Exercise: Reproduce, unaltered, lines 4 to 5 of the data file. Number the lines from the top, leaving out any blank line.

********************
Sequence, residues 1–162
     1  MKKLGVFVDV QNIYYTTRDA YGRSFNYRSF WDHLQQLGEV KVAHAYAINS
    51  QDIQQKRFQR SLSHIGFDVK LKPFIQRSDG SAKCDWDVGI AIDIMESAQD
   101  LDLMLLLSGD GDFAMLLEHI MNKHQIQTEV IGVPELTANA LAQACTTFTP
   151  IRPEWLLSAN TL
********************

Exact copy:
   101  LDLMLLLSGD GDFAMLLEHI MNKHQIQTEV IGVPELTANA LAQACTTFTP
   151  IRPEWLLSAN TL